In cases where multiple changes (CR)s are being incorporated at the same time, and cost traceability needs to be maintained for each, it may not be necessary to set up a brute force WBS element for each CR under each primary impacted deliverable.  In these cases, the PM can establish clear cost reconciliation by simply tracking low level task completion data and applying the metric time stamp for each completed task as proxy for timecard actuals would have been charged by each team member.  This, of course, will require tasking assignments to be traceable to each CR.  This really should not be a problem if the technical lead has done their planning correctly and is executing in a structured methodic fashion.  The team executes work to complete tasks that are pulled from a backlog created by the Technical Lead.  As far as the accuracy is concerned, the use of the metric time stamps in lieu of time card actuals can be factored based on earned value variances and/or cycle time tracking.  This can be very accurate.

Considering the alternate brute force WBS approach, the PM would have set up separate WBS elements for each CR under each impacted deliverable.  In order for this method to be successful, each team member would need to diligently charge their time to the correct charge number assigned to each CR for each performed task.  This would often result in inaccuracies due to juggling of charge numbers with the added artificial inflation due to rounding (many companies set 15 minute time tracking increments).  Just rounding alone can inflate daily time tracking by 45 to 120 minutes per day per person.

From a work standpoint, the executing team must first create a skeletal draft of the new or modified project requirements change such that all levels of the traceability hierarchy are clearly identified for impact.  Setting the skeleton will permit early start at all levels minimizing the serialization effect.  Each of the requirements are distilled into tasks and sub-tasks, each of which has a predetermined traceability to the CR that instigated the change.  The team can seamlessly accommodate the change traffic even in cases where the change is disruptive to current work in progress due to an alteration of a feature, physical attribute, or performance.  The PM must resist simply dumping a CR on the table and letting the team at it.  This approach is often confused with bureaucratic elimination.  This kind of Project Management is not Agile in any sense, and will likely lead to strong arm tactics like tear gas and rubber bullets to restore order.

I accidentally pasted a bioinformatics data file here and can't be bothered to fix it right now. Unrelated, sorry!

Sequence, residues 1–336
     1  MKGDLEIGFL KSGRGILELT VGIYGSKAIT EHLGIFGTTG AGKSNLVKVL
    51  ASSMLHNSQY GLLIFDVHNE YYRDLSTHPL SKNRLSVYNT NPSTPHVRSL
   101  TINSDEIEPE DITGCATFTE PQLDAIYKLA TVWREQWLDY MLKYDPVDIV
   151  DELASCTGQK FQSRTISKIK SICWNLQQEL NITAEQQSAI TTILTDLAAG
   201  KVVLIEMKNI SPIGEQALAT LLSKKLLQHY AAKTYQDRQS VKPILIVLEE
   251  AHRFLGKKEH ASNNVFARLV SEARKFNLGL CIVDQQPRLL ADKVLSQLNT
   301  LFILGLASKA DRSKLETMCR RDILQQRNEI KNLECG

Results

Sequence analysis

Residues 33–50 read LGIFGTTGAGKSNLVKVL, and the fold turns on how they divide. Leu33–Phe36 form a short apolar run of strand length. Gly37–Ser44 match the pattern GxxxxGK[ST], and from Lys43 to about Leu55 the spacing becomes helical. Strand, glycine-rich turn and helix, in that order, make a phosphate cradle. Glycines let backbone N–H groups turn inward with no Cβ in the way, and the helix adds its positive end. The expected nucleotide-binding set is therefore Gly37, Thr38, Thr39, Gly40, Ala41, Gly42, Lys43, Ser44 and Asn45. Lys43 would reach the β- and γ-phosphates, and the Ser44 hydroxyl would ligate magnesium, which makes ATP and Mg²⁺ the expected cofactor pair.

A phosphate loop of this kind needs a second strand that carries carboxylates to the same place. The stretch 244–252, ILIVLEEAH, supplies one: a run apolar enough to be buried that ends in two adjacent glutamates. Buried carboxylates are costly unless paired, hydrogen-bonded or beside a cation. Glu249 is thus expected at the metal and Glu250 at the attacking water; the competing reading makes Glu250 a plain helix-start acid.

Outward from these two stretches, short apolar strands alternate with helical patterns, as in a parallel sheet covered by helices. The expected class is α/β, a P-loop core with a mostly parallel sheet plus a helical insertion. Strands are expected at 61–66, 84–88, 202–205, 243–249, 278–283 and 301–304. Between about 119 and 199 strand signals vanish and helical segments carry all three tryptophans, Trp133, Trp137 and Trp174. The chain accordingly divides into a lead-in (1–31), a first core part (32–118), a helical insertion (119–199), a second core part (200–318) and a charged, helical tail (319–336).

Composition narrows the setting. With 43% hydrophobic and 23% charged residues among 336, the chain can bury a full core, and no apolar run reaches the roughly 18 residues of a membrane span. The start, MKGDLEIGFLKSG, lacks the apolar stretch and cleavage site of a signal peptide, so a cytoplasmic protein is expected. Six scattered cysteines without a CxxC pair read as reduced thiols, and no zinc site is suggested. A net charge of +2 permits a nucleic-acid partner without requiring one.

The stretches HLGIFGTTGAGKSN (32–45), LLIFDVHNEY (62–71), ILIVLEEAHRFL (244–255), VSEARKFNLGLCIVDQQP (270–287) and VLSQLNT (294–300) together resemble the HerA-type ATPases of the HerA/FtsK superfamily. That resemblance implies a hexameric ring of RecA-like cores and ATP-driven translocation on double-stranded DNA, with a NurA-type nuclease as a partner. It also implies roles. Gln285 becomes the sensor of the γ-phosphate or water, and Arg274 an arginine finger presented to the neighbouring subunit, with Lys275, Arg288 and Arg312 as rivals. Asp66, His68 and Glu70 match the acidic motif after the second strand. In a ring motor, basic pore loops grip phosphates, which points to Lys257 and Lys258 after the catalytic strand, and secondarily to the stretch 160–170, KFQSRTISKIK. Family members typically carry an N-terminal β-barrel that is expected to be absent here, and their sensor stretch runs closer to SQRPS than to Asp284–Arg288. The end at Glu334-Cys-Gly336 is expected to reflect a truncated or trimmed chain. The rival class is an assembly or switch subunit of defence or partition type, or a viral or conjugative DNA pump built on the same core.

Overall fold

Agile Project Management – Earned Value Management

From a business enterprise and senior management standpoint, everything that moves and breaths bears a cost to the company.  Whether the shareholder structure is privately owned, co-cooperatively owned, or publicly traded, the basis of all metrics are monetized in order to be associated to shareholder value.  For projects conducted by the company, earned value (EV) is the metric that is used to demonstrate the value that the project bears to date, as well as the projection for costs based upon the performance to date.

Back in the day when all projects were managed employing a Gantt waterfall methodology, the project manager could easily set up a structured EV model using available tools, such as Microsoft Project, adhoc tools based upon customized spreadsheets, or a combination thereof.  Assuming all of the labor and other direct and material costs were included in the working schedule, then the time phased plan could be baselined, and the tracked actuals and any such execution changes could be updated thereby providing an accurate model of the project roll out.  This approach is still used in some industries, but what I have found is that this linear model system simply cannot accurately plan out a time phased precast detailed activity set over the full scope and duration of the project with any realistic chance of executing within reasonable and acceptable contingency both in cost and time.  Several factors such as ambiguity, overzealous risk adversity, and market dynamics are among the instigators.